July 31, 2008

I can’t remember whose blog got me here but this experiment using non-Newtonian fluid might freak me out a little bit less if I understood what it meant for fluid to be non-Newtonian.

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8 Responses to I can’t remember whose blog got me here but this experiment using

  1. Kenny says:

    I read the wiki entry on non-Newtonian fluids, and while I recognized all those words as being English, they made no sense whatever when strung together that way. My brain has thus been rendered useless, and I fail to see why I’m even at work now, since I’ll no doubt be unproductive all day.

    The video, however, is pretty darn cool.

  2. initials says:

    I can’t watch the video at work, though I can, thankfully, still read your blog. Think of it like this… If you’re dealing with a fluid that is actually a suspension, or some other sort of heterogenous mixture, like blood or semen, the way it reacts to certain kinds of pressure won’t always make basic physical sense to an untrained observer. This is particularly true (and plainly observable to the vast majority of gays,) with semen. After a pause for reflection, does this make you feel any better?

  3. A non-Newtonian fluid is, in most cases, a suspension of solid particles in liquid.

    When you move it slowly, it behaves like a liquid – it pours, oozes, etc. When you try to move it quickly, the pressure causes all the solid particles jam up against each other, and it starts to behave like a solid. When the pressure is relieved, the fluid starts to behave like a liquid again.

    Literally, it’s cornstarch and water, although the ratios are a little narrow – 2 parts cornstarch to 1 part water is close. Mix some up in the kitchen and play with it. It will shatter if you hit it with a hammer, and then the shattered pieces will regain their liquid behavior and melt right back together.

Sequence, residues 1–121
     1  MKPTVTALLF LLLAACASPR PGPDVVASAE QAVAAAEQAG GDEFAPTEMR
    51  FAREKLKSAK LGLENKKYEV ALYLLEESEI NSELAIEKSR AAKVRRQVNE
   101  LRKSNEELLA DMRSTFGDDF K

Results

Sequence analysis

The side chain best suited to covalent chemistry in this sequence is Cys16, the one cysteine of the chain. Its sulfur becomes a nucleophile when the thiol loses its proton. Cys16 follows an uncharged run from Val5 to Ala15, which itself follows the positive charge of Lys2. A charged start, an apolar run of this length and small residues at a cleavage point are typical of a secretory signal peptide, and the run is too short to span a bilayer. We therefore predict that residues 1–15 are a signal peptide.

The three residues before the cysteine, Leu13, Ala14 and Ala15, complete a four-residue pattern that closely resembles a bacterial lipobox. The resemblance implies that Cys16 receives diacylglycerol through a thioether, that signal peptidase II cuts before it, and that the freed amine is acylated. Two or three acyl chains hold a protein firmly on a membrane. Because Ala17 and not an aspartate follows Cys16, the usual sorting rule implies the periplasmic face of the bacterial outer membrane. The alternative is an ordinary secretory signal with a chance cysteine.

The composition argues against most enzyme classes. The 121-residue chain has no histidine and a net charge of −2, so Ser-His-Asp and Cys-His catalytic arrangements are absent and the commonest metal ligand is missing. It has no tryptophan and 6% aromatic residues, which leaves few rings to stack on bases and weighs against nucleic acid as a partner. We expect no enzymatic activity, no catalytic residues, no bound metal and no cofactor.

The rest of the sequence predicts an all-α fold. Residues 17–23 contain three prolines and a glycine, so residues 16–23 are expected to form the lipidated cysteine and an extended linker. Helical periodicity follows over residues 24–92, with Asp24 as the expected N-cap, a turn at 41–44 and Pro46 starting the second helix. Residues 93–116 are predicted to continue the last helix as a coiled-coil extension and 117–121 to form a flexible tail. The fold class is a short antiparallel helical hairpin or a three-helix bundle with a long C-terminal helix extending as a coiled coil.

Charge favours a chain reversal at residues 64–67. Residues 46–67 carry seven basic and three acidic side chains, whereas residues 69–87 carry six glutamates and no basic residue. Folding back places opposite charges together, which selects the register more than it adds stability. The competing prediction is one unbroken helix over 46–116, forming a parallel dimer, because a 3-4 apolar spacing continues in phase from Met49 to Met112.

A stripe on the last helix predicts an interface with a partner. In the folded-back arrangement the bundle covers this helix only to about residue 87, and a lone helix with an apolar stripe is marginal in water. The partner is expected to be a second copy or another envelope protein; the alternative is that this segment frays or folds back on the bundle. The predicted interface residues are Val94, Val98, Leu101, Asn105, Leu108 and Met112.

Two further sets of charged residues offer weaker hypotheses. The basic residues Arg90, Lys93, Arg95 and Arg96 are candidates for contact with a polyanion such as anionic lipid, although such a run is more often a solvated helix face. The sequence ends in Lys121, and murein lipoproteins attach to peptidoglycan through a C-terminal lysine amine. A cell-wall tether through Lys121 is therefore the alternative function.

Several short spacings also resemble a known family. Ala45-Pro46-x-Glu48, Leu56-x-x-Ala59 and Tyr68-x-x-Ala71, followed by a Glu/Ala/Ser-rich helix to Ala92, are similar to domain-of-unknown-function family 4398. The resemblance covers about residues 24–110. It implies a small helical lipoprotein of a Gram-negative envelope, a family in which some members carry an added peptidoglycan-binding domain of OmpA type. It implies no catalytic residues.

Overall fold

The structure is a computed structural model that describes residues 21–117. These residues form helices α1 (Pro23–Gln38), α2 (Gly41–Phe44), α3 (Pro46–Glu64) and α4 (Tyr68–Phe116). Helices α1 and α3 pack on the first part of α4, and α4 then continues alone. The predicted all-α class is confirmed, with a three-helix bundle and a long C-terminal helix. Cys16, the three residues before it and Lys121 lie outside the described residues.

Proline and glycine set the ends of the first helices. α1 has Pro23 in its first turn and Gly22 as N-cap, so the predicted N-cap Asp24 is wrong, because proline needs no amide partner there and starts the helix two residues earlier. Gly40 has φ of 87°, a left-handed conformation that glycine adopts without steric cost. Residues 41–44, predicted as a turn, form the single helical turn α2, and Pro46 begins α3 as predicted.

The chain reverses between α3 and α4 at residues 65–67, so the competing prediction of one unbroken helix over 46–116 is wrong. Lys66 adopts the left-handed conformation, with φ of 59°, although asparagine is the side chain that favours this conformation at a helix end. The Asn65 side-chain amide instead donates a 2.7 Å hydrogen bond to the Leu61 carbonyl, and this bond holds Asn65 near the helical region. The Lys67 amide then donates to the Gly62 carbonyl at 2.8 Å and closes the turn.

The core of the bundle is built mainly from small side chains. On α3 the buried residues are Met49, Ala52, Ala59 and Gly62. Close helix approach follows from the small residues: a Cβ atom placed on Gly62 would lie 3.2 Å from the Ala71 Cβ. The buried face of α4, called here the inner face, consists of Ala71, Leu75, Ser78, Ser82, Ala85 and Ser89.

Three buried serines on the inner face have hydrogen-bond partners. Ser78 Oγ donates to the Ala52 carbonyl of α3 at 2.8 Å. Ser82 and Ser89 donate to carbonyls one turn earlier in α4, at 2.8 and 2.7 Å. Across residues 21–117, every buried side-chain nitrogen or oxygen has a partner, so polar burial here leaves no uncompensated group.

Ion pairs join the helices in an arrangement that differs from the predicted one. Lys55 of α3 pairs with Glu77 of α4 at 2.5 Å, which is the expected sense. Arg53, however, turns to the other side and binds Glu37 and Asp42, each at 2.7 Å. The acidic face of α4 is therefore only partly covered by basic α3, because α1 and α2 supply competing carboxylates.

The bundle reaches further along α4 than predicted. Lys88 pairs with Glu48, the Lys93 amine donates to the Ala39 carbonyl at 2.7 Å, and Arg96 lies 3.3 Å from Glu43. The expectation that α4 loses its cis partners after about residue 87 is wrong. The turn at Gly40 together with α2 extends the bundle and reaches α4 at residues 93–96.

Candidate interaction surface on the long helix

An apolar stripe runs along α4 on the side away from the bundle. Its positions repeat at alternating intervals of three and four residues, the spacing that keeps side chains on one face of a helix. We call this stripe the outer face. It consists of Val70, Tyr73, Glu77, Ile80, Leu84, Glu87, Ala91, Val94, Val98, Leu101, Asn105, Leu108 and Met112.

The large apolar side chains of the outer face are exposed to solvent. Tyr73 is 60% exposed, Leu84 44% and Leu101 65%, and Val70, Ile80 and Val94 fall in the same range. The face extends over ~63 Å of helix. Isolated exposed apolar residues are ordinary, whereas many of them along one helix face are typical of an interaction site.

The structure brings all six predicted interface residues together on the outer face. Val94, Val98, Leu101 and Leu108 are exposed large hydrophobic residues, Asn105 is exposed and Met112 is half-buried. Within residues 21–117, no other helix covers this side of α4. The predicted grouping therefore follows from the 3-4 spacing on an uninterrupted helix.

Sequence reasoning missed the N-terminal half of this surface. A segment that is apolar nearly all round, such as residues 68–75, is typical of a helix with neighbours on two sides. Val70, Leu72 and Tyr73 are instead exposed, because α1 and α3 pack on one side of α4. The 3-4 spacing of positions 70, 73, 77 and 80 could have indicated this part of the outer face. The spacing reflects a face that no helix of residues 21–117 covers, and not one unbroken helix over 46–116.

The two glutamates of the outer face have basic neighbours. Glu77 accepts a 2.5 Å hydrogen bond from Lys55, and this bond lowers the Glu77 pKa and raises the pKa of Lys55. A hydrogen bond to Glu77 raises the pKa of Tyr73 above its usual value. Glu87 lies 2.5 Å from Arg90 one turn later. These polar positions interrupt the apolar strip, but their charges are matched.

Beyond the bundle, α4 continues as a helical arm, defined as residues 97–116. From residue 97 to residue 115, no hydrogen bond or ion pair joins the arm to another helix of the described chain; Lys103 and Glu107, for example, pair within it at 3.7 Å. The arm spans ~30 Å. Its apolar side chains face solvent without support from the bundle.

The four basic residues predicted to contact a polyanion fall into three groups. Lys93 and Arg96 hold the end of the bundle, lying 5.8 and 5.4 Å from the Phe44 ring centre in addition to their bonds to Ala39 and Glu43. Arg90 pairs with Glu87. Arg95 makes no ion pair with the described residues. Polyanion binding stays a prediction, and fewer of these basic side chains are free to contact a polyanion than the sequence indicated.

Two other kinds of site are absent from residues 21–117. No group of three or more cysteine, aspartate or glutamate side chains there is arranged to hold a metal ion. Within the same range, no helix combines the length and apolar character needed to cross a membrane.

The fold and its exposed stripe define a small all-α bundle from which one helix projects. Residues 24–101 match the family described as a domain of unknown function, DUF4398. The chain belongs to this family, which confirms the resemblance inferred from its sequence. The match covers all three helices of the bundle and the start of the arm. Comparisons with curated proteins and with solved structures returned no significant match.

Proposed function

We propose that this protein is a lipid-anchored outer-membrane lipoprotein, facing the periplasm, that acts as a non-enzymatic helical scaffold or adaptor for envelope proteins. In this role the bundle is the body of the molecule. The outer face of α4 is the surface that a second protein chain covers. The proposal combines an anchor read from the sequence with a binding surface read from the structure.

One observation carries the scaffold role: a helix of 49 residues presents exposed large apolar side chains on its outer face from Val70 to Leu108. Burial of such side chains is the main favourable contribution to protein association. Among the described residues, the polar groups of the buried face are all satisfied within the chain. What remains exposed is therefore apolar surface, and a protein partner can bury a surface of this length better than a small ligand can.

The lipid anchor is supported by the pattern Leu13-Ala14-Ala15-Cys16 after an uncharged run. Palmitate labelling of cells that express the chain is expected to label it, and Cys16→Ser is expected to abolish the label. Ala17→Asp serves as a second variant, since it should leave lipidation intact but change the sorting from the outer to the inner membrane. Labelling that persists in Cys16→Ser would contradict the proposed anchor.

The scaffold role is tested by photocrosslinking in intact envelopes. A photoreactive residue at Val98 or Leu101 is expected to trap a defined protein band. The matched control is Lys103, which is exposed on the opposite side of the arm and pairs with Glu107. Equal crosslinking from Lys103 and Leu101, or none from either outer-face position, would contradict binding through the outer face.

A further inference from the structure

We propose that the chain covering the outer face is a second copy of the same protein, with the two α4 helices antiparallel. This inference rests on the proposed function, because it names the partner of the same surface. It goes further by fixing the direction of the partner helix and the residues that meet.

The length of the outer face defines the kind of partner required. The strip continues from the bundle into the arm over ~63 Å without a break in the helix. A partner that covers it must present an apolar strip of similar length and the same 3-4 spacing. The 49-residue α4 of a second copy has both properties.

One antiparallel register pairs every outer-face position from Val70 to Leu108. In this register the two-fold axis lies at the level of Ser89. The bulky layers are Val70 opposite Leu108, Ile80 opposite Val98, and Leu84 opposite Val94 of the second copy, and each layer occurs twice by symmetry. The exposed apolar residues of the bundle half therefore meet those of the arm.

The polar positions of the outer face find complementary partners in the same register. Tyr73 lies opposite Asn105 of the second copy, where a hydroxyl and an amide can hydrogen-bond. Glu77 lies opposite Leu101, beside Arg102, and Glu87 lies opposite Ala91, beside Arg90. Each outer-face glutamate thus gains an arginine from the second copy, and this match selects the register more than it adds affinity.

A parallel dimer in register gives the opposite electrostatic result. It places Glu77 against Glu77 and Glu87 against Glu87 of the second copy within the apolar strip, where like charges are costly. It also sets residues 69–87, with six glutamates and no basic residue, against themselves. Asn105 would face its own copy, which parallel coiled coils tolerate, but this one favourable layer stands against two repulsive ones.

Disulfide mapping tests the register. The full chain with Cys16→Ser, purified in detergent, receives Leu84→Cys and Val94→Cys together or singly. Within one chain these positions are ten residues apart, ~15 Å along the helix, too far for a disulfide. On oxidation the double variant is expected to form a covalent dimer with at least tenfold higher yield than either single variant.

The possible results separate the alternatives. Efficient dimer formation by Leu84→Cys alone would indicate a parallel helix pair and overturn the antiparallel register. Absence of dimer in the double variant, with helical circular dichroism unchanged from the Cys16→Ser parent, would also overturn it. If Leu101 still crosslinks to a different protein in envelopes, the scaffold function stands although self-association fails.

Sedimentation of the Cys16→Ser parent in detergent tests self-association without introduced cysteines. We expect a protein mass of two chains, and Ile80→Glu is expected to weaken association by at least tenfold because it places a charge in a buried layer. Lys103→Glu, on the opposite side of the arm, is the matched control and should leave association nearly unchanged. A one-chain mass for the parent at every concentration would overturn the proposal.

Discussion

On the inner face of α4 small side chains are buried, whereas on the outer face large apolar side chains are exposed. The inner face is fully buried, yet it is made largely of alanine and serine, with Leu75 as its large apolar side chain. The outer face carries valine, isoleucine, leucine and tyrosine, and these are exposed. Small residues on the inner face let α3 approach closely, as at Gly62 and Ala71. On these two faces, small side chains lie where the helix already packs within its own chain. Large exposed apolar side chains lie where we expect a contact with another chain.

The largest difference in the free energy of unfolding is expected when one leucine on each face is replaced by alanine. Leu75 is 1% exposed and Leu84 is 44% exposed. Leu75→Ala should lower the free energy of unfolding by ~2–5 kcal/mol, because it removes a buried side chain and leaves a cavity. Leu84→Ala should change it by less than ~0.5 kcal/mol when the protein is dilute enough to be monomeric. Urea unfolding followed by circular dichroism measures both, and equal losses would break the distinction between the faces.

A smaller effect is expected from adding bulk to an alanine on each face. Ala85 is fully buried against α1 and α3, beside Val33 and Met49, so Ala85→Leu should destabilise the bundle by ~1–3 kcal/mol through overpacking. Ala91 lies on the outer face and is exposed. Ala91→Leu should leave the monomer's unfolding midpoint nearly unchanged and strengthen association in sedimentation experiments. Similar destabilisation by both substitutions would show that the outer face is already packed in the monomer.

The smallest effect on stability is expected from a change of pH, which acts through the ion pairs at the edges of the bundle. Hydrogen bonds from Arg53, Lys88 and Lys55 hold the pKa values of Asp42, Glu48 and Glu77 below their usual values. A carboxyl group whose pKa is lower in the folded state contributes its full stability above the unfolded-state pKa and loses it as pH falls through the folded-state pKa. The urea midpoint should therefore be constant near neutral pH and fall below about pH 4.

4. Alan says:

    You’re probably familiar with many non-Newtonian fluids. Ketchup for instance is a non-Newtonian fluid, which is why smacking the bottle makes it flow out easier. Toothpaste is another non-Newtonian fluid.

    There are two types of non-Newtonian fluids, shear thickening and shear thinning. For shear thickening fluids, basically, the harder you press on them (shear force), the thicker they become. Cornstarch and water is a shear thickening non-Newtonian fluid too. Shear thinning fluids become more liquid-like under pressure, which is why ketchup is thick, but pours more easily when the bottle is smacked, or squeezed from a squeezable container.

    Silly Putty and Slime are both non-Newtonian fluids too, both are shear-thickening liquids. Go to the Dollar Store and buy some (but don’t get them on the carpet, young man!) If you pull either of them slowly, they make long strands of goo. But, if you pull a piece of it apart quickly, it “breaks” in a clean line — shear thickening at work.

    (I first learned about non-Newtonian fluids from Mr. Wizard.)

  5. Esther says:

    Ha ha, this is “oobleck” from Dr. Seuss’ book, “Bartholomew and the Oobleck”, created for the king when he was bored, if I remember (it was green)…. We’ve made it in blue in kindergarten and science class and Cub Scouts for years. But I’ve never seen it do really freaky stuff like this…

  6. lee says:

    If you mix up a big enough batch, you can walk on a cornstarch and water mixture, provided you stomp. Stand still and you sink.

  7. Monica says:

    Between this and all of the videos of fractals I’ve been watching for my presentation in my stoner math class next week, I’m starting to understand (though still not quite approve of) the people in high school who wore “Physics is Phun” t-shirts.

  8. David says:

    That looked like something out of a sci-fi/horror flick, like the alien in John Carpenter’s remake of “The Thing.”


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